--
    http://dave.net.nz <- My personal site.
     
    Dave - Dave.net.nz, Sep 19, 2005
    #13
  14. Bling-Bling wrote:
    >>>Micro$oft has not made the source code for M$ Windoze freely available.

    >>Duh. Why should it? More importantly, it doesn't even have to. They're the
    >>copyright owners, if they don't want anyone to see the code, they don't
    >>have to


    > So why all the pretense of "shared code" if people cannot actually use the
    > it?


    most people don't care about the source code... but govts like to be
    able to see it to look for potential nasties.

    I'm sure that if someone in the position to understand the source, found
    something wrong, and pointed it out to their contact at MS, I'm sure
    that it would be fixed shortly.

    --
    http://dave.net.nz <- My personal site.
     
    Dave - Dave.net.nz, Sep 19, 2005
    #14
  15. T'was the Tue, 20 Sep 2005 01:36:27 +1200 when I remembered
    Bling-Bling <> saying something like this:

    >> Duh. Why should it? More importantly, it doesn't even have to. They're the
    >> copyright owners, if they don't want anyone to see the code, they don't
    >> have to

    >
    >So why all the pretense of "shared code" if people cannot actually use the
    >it?


    Why not let everyone have nuclear missile information? Why only select
    governments?

    The answer to all these questions is, the people who developed the
    information are free to do what they want with it, either to show it
    to you or not. That's their choice.
    --
    Cheers,

    Waylon Kenning.
     
    Waylon Kenning, Sep 19, 2005
    #15
  16. "Bling-Bling" <> wrote in message
    news:pan.2005.09.19.08.21.59.269149@james...
    > On Mon, 19 Sep 2005 11:55:33 +1200, Brett Roberts wrote:
    >
    >> Microsoft's viewpoint on opening up our source code has changed
    >> substantially over the last few years and we've now got 70+ "shared
    >> source" offerings many of which offer modification and/or redistribution
    >> rights in some form or another.

    >
    > LOL!
    >
    > Where could I go to pull the entire source of Micro$oft WindozeXP.
    >
    > What if I wanted to modify the Windoze GUI and distribute my own version
    > of Windoze and call it, say, "Doors." Is that possible?
    >
    > No?
    >
    > Didn't think so.
    >
    > Micro$oft has not made the source code for M$ Windoze freely available.
    >
    >
    > Bling Bling
    >
    > --
    > Windows is a bonfire, Linux is the sun. Linux only looks smaller if you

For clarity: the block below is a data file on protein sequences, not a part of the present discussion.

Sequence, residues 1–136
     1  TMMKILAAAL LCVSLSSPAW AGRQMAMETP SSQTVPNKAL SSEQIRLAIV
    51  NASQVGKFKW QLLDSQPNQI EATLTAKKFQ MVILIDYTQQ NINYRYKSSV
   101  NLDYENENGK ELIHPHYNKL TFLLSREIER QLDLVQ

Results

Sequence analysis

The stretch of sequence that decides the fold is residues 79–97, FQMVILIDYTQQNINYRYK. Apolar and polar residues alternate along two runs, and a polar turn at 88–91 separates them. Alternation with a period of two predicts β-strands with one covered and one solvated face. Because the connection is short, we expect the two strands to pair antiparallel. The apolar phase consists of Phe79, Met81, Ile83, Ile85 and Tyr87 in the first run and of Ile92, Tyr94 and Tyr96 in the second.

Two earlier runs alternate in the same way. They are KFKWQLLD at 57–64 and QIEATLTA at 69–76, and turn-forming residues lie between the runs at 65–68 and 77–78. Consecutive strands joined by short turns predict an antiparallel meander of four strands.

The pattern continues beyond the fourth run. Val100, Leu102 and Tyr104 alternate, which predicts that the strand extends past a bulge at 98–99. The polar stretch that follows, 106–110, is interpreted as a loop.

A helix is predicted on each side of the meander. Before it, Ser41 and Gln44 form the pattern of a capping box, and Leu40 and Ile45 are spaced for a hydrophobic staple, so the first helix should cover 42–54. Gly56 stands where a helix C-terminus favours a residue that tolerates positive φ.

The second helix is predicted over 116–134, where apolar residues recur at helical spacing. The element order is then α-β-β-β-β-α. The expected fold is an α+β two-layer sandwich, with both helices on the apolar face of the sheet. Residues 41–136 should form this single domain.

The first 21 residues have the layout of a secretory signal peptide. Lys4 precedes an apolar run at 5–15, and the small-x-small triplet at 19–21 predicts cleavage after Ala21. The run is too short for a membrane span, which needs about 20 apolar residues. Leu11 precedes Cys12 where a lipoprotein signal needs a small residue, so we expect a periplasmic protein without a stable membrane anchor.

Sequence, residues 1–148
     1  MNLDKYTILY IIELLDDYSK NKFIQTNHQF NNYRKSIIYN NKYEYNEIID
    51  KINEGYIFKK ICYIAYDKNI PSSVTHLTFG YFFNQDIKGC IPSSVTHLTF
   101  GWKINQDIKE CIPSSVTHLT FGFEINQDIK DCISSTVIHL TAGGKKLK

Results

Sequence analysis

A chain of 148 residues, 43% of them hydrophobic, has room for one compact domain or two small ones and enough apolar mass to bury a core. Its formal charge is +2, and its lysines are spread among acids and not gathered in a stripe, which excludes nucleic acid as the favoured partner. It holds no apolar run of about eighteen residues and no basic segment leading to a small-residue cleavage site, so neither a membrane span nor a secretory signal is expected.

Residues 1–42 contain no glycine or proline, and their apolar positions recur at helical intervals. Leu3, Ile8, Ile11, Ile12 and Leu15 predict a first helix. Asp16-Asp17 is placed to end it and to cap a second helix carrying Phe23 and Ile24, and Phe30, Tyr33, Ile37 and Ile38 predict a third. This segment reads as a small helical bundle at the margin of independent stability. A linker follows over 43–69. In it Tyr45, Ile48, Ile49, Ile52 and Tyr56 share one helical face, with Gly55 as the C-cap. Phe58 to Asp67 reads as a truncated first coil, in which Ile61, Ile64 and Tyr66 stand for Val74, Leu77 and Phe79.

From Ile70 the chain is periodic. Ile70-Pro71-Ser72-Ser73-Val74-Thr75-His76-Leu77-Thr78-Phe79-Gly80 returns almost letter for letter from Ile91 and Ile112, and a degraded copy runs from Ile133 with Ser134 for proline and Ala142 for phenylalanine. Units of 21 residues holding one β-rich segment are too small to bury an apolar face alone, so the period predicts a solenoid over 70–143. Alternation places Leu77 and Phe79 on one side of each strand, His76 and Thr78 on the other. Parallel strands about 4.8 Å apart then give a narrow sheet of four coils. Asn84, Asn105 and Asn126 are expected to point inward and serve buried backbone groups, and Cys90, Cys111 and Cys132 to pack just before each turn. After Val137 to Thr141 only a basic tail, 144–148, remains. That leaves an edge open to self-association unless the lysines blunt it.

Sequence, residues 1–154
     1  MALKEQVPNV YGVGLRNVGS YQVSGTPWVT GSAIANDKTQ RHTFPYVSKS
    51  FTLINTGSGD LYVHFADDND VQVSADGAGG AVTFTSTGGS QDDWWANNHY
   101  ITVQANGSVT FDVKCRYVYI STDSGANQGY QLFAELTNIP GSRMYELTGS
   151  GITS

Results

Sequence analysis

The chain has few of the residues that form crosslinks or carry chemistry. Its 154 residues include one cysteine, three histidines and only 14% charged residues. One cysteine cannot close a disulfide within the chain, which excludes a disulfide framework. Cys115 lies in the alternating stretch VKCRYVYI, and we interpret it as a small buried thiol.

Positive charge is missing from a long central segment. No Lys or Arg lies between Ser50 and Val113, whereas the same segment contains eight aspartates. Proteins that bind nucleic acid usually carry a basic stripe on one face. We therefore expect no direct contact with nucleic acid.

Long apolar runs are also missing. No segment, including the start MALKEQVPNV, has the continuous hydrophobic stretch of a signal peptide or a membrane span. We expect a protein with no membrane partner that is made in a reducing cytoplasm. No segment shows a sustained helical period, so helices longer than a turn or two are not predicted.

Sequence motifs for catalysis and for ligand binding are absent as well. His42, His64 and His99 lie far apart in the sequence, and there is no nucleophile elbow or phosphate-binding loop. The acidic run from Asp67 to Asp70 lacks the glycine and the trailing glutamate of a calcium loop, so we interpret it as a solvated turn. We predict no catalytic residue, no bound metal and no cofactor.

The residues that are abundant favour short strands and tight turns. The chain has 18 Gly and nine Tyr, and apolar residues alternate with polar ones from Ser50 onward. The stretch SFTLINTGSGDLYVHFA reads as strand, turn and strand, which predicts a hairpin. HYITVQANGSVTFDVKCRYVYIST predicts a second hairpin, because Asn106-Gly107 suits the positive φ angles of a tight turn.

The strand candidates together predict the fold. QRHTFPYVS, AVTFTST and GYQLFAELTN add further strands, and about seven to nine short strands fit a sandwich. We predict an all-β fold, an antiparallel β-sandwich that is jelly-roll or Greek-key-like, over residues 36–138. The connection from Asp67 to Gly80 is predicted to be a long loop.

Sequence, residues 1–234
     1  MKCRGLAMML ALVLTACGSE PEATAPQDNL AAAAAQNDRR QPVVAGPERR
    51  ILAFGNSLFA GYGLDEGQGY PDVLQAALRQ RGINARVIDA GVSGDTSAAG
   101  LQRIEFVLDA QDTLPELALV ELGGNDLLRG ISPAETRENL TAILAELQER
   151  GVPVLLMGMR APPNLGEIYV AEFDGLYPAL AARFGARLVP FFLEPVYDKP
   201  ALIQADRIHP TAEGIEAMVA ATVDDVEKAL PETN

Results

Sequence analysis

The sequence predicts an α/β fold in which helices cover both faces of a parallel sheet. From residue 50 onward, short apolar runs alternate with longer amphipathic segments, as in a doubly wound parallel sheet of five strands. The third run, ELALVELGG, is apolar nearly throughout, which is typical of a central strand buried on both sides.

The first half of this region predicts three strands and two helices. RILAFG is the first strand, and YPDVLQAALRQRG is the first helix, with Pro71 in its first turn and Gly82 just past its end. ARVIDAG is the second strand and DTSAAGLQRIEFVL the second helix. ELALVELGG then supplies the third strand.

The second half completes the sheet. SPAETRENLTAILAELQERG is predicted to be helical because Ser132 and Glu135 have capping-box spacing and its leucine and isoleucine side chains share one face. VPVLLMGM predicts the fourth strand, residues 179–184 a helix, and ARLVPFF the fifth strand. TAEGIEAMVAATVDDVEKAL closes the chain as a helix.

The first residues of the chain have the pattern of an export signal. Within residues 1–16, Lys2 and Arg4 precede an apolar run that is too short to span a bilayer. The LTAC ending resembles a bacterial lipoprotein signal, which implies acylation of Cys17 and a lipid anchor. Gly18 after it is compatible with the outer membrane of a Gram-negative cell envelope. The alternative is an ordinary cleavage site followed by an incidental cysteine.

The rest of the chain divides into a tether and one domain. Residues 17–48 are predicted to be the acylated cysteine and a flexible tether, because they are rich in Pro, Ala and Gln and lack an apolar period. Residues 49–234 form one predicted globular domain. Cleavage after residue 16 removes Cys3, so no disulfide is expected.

> lack
    > perspective.
    >


    "Freely available" ? Who mentioned "freely available" ? You might have
    missed this bit from my post:

    "The bottom line with all of this is that Microsoft is never going to be an
    "open source company" along the lines of a Red Hat however when it makes
    sense for both our customers and us we're willing to open up our code in a
    way which provides the customer with what they want without compromising our
    intellectual property rights or ability to provide a return to our
    shareholders."

    The whole "access to source code" concept is something which means different
    things to different people. I've talked to developers who love the concept
    and CIO's and IT Managers who hate it (I've also talked to dev's who have no
    desire at all to get their hands on our source code). While it's interesting
    to argue binary viewpoints the reality is that most of the world is shades
    of grey. I think Microsoft's moved a fair way over recent years from being a
    company who shared code with virtually nobody to one who will look at
    sharing code when/where it makes sense. You might not be happy with the
    extent to which we've moved but others are. You can't please all the people
    all the time etc etc

    One could possibly argue that making the Microsoft Windows source code
    available to somebody who has problems spelling both "Microsoft" and
    "Windows" probably wouldn't be a smart move on our part anyway.

    Brett Roberts
    Microsoft NZ
     
    Brett Roberts, Sep 20, 2005
    #16
  17. Brett Roberts wrote:
    > One could possibly argue that making the Microsoft Windows source code
    > available to somebody who has problems spelling both "Microsoft" and
    > "Windows" probably wouldn't be a smart move on our part anyway.


    Now now brett... Be nice to the hard of learning.

    --
    http://dave.net.nz <- My personal site.
     
    Dave - Dave.net.nz, Sep 20, 2005
    #17
  18. Lawrence D'Oliveiro

    Dave Doe Guest